CABRERA: David Chalian, thank you so much for joining us.

CHALIAN: Thank you so much.

CABRERA: More on our breaking news, as we learn the gunman in the newsroom attack barricaded the backdoor. A woman who worked in that newsroom is going to join us to remember her colleagues.

Plus, an attorney who is representing a 5-year-old in immigration court joins me live to explain what's happening as these children go before a judge.

And new reporting the president wants to quit the World Trade Organization. It's part of his new world order. We will discuss.



CABRERA: Former President Barack Obama has a message for Democrats. Stop moping.

Here was part of his comments at the DNC fund raiser last night.

"If you're one of these folks who is watching cable news at your cocktail parties with your friends and you're saying civilization is collapsing and you are nervous and worried, but that's not where you're putting all your time, energy and money, then either you don't actually think civilization is collapsing, or you are not pushing yourself hard enough. And I would push harder."

He went on to say: "We shouldn't expect politics to be entertaining all the time. Sometimes, you're just in a church basement, making phone calls and eating cold pizza."

Let me bring in Van Jones, CNN political commentator and host...




Obama, though, giving some tough love to Democrats. How do you think it is being received?

JONES: Probably well just, because we need that.

I think, listen, I was much more prepared for Trump to win than for Kennedy to resign. That's to me a much bigger deal. Again, you win presidential elections, midterms, whatever, but Supreme Court swing votes come around once in a generation.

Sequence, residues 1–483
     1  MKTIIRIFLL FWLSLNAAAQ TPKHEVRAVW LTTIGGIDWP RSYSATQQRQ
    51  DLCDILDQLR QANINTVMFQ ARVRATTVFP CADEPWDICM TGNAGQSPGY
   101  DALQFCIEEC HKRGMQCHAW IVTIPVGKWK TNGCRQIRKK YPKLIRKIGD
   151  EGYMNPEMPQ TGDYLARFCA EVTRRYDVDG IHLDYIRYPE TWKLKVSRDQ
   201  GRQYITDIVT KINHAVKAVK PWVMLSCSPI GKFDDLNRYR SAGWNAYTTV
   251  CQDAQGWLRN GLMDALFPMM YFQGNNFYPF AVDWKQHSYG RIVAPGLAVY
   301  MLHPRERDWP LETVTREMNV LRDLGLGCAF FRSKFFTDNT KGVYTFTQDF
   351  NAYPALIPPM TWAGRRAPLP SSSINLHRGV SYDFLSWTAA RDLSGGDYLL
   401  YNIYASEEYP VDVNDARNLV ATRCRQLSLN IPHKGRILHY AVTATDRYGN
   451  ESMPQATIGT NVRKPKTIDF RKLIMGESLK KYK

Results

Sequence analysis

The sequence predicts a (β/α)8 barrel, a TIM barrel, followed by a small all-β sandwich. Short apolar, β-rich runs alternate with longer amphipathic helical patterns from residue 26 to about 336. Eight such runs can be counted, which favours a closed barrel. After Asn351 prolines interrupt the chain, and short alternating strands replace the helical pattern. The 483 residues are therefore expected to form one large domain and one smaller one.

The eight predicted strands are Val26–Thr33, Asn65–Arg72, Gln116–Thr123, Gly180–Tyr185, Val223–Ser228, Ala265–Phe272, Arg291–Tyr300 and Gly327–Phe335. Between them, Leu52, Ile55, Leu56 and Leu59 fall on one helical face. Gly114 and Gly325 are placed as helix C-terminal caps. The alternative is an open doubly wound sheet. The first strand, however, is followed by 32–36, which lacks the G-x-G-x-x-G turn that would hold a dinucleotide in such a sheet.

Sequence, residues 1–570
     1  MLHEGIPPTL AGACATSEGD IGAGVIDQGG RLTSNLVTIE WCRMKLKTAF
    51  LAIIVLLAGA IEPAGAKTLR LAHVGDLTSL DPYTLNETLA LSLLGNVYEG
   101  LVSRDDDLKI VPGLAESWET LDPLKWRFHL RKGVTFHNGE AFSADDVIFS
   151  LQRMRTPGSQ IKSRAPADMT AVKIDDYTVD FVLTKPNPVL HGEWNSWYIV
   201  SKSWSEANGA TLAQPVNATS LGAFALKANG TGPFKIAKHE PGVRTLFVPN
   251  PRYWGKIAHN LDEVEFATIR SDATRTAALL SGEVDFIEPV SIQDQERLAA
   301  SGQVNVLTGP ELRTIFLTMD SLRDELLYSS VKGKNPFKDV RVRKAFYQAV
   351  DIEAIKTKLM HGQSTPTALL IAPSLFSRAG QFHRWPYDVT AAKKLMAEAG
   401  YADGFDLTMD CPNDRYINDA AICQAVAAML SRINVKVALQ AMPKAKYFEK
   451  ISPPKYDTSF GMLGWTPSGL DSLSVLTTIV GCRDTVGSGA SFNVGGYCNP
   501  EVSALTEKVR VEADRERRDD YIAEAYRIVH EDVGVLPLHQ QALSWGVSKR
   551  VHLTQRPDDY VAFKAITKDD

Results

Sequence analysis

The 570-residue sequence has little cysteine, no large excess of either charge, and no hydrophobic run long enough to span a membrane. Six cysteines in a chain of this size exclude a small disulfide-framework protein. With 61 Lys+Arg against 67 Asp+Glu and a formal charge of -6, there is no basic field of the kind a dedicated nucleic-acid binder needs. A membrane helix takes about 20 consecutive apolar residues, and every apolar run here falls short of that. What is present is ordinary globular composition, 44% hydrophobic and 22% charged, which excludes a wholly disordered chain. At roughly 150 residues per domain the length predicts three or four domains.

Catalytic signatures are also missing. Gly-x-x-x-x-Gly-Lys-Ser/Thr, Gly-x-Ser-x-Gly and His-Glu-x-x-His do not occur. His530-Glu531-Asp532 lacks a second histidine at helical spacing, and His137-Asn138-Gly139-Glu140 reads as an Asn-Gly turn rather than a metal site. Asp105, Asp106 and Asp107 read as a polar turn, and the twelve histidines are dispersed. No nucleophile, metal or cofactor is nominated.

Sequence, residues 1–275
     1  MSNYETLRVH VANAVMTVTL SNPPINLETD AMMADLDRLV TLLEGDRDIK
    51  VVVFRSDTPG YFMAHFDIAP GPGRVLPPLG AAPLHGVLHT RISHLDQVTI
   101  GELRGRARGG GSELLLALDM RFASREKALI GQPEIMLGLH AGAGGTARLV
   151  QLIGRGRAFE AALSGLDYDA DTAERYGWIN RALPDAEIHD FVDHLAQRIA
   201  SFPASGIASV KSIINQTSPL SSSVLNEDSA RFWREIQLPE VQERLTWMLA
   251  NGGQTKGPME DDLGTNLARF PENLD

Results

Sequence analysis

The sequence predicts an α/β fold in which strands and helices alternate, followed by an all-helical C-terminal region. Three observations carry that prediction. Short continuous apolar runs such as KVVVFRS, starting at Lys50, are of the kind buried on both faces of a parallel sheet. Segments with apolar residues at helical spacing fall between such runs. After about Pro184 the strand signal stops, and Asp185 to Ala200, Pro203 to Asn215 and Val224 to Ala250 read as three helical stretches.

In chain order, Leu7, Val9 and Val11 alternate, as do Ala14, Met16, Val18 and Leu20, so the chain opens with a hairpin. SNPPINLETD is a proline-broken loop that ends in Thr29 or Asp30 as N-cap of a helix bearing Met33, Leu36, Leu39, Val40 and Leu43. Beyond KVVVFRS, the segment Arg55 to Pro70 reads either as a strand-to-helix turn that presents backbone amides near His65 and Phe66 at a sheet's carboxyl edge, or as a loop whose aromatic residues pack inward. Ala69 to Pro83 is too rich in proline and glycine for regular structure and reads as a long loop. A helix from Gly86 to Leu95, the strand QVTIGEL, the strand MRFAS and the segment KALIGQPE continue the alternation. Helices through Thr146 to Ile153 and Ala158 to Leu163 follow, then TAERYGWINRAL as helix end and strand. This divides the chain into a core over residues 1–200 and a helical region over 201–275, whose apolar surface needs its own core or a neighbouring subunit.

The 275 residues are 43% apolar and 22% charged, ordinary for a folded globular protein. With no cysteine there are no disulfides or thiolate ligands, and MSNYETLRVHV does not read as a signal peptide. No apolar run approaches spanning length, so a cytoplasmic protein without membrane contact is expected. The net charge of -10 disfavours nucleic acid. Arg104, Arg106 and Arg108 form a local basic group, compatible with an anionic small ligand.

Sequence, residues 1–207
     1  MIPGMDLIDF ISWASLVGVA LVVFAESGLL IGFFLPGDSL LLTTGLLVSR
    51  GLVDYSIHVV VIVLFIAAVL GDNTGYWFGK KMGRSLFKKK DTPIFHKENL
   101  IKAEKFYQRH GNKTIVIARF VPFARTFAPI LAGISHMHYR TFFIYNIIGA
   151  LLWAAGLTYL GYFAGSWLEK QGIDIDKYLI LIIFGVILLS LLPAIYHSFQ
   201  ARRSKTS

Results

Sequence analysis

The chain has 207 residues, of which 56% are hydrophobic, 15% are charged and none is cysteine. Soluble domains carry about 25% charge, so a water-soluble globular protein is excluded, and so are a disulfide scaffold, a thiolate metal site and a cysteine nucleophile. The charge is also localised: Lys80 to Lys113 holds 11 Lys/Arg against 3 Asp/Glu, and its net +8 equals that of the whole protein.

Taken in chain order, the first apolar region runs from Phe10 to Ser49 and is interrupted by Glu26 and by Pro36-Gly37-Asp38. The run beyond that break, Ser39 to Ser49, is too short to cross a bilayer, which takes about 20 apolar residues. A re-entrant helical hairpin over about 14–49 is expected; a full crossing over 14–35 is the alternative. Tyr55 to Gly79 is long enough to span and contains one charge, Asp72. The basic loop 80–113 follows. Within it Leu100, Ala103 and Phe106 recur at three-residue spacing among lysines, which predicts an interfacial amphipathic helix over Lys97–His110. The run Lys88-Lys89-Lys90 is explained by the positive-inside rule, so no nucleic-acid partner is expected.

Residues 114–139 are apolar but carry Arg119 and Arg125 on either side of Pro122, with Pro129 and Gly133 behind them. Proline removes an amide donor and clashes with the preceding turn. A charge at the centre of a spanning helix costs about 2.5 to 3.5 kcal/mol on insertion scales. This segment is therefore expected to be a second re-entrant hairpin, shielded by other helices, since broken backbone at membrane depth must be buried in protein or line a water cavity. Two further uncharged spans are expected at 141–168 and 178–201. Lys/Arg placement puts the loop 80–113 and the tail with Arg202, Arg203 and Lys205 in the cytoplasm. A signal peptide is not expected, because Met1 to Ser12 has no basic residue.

CABRERA: So, you think rights is even more groundbreaking or earth- shattering? JONES: I think it's a much big -- oh, much, much, much, bigger deal,

with a much longer timeline, and many more rights for women, LBGTQ, et cetera, at risk.

So, you need sometimes for somebody like Barack Obama, President Obama, to come forward and remind people, listen, this is not bean bag. Sitting around here, fanning ourselves, and liking things, that's not work.


When Obama ran and won in 2008, 2012, everybody that I know was working. People were doing phone banks. People were going to swing states. People were raising money.

I haven't seen any of that. I didn't see it in 2016 and I haven't seen it since. I see a lot...

CABRERA: Even with the marches that we're seeing out there that are bringing people out?

JONES: Look, I love marches. I love marches, but marches is not -- that's not voting. Retweeting smart stuff, it is not registering voters. It is not the hard work.

And so he has got the credibility, like nobody else, to remind people, do you know what it means to actually fight for what you believe in, not complain, not be upset, but to put in that hard work?

And when he said the cold pizza, a lot of people's heads started nodded, because you remember...

CABRERA: They remember.


JONES: That's what it was when he ran.

CABRERA: And you think that ultimately led in part to his success.